10 Apr 2021

Sheep Dog & Wolf on the pain behind his music

From Music 101, 5:40 pm on 10 April 2021

New Zealand has a strong history of stoicism, but it's not a good way to tackle mental illness, says Auckland musician Daniel McBride.

Sheep Dog & Wolf 2020

Sheep Dog & Wolf has just released a new album, which describes his experience of physical and mental illness. Photo: supplied

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The experimental artist who performs as Sheep Dog & Wolf has just released his highly anticipated second album, Two Minds.

It's his first full album since his critically acclaimed debut, Egospect, was released in 2013.

Warning: This interview deals with subjects like mental health, anxiety, depression, and suicidal thoughts.

"It's about a period of chronic physical and mental illness and the ways that those interacted and impacted my life."

Although McBride describes suffering from anxiety as "horrible", the album is far from heavy.

"It's about the light that can shine through, even during that time, and also about reaching a point that felt hopeful.

"It's a document of a dark time in a kind of positive way."

Click here to buy/stream Two Minds

McBride says anxiety and depression can be insidious, because the sufferer begins to feel like the illness is who they are, rather than a problem that needs to be dealt with.

"Listening to (the album) now, it seems so obvious it's about a person with depression, but at the time I didn't realise.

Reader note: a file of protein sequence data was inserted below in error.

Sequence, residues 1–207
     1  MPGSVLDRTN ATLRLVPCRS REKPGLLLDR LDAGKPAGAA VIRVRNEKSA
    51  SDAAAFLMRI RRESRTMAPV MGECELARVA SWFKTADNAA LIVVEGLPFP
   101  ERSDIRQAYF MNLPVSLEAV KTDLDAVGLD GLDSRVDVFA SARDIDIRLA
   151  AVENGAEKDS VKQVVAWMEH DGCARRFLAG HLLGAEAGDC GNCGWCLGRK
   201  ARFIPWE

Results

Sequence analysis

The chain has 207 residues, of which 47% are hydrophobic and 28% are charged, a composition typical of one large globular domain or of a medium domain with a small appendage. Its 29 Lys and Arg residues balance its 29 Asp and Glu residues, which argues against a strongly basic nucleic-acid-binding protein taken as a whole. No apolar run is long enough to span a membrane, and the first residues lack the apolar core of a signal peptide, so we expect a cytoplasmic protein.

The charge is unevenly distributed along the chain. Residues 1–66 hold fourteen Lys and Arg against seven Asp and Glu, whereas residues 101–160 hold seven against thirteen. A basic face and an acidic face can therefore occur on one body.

"I was writing what I felt.

"You start to feel like this is just who you are, like you don't have any emotions, you don't want to do anything and you don't want to see people."

Daniel McBride

Auckland musician Daniel McBride hopes his new album, Two Minds, might be a record of dark times that helps others get through. Photo: Supplied

Shame was one barrier that kept McBride from reaching out for help for his anxiety and depression for about 18 months.

"When you're in the depths of it and when it's your first experience with it, even though it's nothing to be ashamed of at all, there's a lot of shame attached with it, there's a lot of feeling of failure, or a feeling you should just approach it with stoicism and get through.

"There's a real thing in New Zealand with stoicism and it's not a good approach to mental illness."

McBride hopes the album might act as a beacon guiding others through rough patches.

"Whenever I'm writing music, I try to forget that anybody is going to hear it, so I can be as honest as possible and as confessional as possible and treat it as a journal.

"The artists that are the most honest about those experiences are often the ones that I get the most out of emotionally and that become so important to me.

"It's a pretty big ask, but if this album could be that for someone, anyone, that would be a pretty big achievement for me."

McBride plays all the instruments on the album, which has a rich, orchestral sound in places.

Sheep Dog & Wolf.

Sheep Dog & Wolf. Photo: Asher James

Having learned classical saxophone and clarinet from Michael Goldwater, he has gone on to teach himself many other instruments, including the piano and french horn for his latest album.

Although he admits there's an element of being a "control freak and perfectionist" involved in playing it all, there's also pure pleasure.

"I really, really love writing parts for myself on an instrument that I can't play, because then that gives me a really good excuse to just learn it.

"And it becomes a wonderful challenge with this payoff of being able to insert that little nugget into an arrangement."

The album has been four years in the making and McBride was relieved to discover he still likes it, now he's moved on to a different phase.

"It's a document of a really difficult time, but it's a document that I'm proud of.

"I really put everything that I had, I didn't hold anything back, I really tried to distill what I was going through into this record and I think I did a really good job."

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